Two weeks notice: the first weekend

I have some big news to share, so obviously I’m going to write a bunch of blog posts about it. This is the first one.

For a while now I’ve been juggling working on my own projects, with my indie company Riverfold Software, and having a regular job at the education e-book software company VitalSource, where I’ve been for over 14 years. As much as I felt like this balance mostly worked, lately it has become clear that the “nights and weekends” approach to Riverfold just isn’t going to be enough time going forward. Last week I resigned from my job at VitalSource to focus on growing Riverfold and shipping new apps this year, some of the most ambitious products I’ve ever tackled.

I thought it would be fun to do a series of blog posts about the early part of this transition. For the next couple weeks, as I wind down one set of projects and ramp up new ones, I’m going to post here with the slightly-catchy title prefix “Two weeks notice”. It will be me thinking out loud about the transition, kind of in the informal spirit of Brent’s syncing diary, or like a more serialized version of the classic indie posts from Gus Mueller and Paul Kafasis.

But unlike the authors of those posts, I can’t claim to have found success yet. If you take Scotty’s definition from the iDeveloper podcast, in fact, I’m not “indie” at all; I expect some percentage of my time will have to be reserved for client projects to help pay the bills. While I used to find that idea distasteful — why give up a consistent salary if you’re not even going to call the shots? — I’ve come to realize that client work can be pretty interesting. The cycle of starting new projects and shipping them is a good way to learn new APIs and iterate on how to build an app from scratch.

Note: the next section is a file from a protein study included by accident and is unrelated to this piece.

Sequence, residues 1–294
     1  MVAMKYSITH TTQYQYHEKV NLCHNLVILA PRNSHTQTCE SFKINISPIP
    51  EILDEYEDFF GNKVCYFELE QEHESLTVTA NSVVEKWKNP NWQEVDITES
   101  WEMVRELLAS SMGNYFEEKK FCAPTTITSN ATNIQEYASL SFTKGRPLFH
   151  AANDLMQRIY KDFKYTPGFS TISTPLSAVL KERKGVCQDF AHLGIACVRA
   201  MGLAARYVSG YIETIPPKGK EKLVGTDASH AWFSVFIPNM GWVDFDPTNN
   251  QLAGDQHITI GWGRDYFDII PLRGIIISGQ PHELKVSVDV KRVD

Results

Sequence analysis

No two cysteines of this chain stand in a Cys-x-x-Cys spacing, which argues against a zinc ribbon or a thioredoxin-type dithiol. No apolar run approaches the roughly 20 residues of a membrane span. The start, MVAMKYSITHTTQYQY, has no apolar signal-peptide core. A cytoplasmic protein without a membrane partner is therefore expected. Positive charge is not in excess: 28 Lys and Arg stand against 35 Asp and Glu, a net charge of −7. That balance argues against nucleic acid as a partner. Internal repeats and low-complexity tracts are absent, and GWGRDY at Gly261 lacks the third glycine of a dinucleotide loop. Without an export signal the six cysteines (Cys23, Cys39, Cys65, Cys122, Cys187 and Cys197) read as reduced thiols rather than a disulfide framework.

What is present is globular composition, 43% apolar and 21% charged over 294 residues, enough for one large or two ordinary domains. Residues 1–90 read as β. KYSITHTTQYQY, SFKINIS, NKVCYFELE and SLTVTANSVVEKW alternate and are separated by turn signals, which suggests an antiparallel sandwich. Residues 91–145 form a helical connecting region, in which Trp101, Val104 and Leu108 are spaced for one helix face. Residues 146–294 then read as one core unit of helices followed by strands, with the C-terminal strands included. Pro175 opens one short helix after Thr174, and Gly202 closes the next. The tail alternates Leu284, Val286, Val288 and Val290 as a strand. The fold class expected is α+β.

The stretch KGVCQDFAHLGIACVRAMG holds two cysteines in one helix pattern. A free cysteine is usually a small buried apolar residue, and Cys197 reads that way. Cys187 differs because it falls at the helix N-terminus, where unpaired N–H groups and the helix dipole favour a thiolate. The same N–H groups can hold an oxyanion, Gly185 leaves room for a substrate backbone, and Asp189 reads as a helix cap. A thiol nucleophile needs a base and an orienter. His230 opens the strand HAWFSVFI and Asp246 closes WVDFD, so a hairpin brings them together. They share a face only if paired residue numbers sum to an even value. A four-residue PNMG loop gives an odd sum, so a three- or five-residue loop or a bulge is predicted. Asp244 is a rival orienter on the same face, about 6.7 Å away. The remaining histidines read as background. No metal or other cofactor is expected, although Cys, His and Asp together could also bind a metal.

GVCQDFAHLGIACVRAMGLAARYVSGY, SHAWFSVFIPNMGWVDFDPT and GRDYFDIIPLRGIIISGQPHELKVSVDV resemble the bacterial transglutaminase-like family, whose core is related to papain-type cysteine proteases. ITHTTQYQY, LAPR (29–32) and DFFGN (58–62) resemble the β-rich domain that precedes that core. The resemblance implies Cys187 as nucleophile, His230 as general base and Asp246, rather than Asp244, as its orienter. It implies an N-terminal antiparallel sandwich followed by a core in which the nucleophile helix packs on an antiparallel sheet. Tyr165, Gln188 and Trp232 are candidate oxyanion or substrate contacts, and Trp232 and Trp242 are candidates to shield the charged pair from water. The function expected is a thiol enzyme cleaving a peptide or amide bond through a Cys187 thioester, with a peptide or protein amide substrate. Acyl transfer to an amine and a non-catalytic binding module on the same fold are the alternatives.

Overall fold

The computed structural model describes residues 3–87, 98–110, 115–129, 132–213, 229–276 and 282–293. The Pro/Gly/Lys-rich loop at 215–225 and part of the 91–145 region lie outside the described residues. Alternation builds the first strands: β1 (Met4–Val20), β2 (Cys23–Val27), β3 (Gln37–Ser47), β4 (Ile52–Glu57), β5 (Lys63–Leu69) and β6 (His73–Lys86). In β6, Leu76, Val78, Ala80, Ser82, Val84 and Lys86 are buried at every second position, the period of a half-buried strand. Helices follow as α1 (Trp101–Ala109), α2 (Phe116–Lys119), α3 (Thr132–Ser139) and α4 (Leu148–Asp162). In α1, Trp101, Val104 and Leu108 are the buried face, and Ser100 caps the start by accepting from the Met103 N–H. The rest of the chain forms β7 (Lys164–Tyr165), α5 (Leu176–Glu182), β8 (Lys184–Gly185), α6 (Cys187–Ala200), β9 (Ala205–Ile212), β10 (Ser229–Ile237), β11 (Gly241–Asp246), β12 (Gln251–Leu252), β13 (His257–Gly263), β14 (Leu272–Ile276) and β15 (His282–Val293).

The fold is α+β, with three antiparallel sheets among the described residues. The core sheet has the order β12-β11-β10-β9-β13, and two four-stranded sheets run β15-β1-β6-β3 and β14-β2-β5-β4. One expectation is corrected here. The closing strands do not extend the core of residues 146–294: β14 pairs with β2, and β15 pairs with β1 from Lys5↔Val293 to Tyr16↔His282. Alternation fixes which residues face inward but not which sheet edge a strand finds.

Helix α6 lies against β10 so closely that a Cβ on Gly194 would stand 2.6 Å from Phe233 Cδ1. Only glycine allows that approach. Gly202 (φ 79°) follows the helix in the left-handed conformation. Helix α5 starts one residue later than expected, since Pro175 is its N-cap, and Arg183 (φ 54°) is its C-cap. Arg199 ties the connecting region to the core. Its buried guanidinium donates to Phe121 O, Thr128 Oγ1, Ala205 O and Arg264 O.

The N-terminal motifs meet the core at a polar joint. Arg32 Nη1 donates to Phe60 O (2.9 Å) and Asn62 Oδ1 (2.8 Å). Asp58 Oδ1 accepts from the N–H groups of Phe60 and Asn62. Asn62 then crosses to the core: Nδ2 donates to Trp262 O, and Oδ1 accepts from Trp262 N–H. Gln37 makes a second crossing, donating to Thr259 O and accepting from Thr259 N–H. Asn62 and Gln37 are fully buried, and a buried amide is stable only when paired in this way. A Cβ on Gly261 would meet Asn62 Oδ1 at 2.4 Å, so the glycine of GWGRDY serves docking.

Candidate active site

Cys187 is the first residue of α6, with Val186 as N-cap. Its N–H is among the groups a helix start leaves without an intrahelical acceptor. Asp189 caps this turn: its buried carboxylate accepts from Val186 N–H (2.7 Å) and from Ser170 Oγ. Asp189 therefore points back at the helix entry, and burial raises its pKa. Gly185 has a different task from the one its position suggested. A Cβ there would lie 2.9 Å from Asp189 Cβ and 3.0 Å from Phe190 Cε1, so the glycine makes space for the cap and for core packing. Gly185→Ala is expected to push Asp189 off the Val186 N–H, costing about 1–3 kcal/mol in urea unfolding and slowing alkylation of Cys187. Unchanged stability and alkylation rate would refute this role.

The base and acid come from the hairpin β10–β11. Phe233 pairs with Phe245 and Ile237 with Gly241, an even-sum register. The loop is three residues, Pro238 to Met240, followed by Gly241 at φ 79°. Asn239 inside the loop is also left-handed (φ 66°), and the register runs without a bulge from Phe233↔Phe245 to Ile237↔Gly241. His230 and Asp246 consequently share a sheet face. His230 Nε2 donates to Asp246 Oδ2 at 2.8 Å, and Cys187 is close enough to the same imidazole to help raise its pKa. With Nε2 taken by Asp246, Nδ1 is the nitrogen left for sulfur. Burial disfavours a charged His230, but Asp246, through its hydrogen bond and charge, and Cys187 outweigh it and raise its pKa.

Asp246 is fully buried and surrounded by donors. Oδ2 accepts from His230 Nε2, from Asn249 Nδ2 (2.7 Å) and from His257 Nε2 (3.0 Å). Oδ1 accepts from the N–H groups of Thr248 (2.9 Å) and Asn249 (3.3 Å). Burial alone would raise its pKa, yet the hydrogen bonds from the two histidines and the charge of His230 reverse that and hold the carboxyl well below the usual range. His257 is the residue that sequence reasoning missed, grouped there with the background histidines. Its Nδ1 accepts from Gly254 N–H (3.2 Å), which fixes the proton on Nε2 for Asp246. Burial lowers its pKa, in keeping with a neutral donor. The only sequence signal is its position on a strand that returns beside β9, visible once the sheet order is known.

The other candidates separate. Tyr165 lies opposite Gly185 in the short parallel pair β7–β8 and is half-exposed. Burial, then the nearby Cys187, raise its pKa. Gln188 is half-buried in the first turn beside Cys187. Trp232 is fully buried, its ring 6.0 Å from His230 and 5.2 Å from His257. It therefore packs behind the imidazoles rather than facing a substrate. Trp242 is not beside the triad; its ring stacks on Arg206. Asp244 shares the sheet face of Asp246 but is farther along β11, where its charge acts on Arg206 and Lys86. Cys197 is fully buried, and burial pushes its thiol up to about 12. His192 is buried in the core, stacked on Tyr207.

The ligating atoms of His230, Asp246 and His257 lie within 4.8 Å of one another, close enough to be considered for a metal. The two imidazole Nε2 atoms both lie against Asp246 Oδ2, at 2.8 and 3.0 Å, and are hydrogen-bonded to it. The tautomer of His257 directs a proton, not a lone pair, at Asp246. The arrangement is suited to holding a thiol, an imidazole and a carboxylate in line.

While reading all these 2005-era indie blog posts, I was surprised to rediscover that Daniel Jalkut also mentioned mixing in consulting work:

“Consulting makes an excellent back-up plan. You’ve always got a job if you need it, and your destiny is very much in your own hands.”

Of course he wanted more than that: to build a great company based around his own apps. I’m sure Daniel and I will be talking about this on Core Intuition later this week.

So it is a little in the vein of “leap and the net will appear” that I’m moving on from a stable job, where I worked with great developers and friends, to something new that is a lot less certain. I thought that would make for a stressful week, but so far, everything seems okay.

There’s paperwork to do and code to write. There’s health insurance to figure out. But there are also some things that have already been wrapped up. My projects at work are in a good place, hopefully not needing constant maintenance. We just refinanced our house, so that’s a monthly savings, and something that I’m told is difficult without a “real” job.

Friday night I started catching up on some late business taxes (whoops). Saturday I finished editing the podcast (which we recorded over a week ago). The rest of the weekend I tried to relax with family (but I worked anyway). It’s Monday now and there’s a busy week ahead. Let’s see how this goes.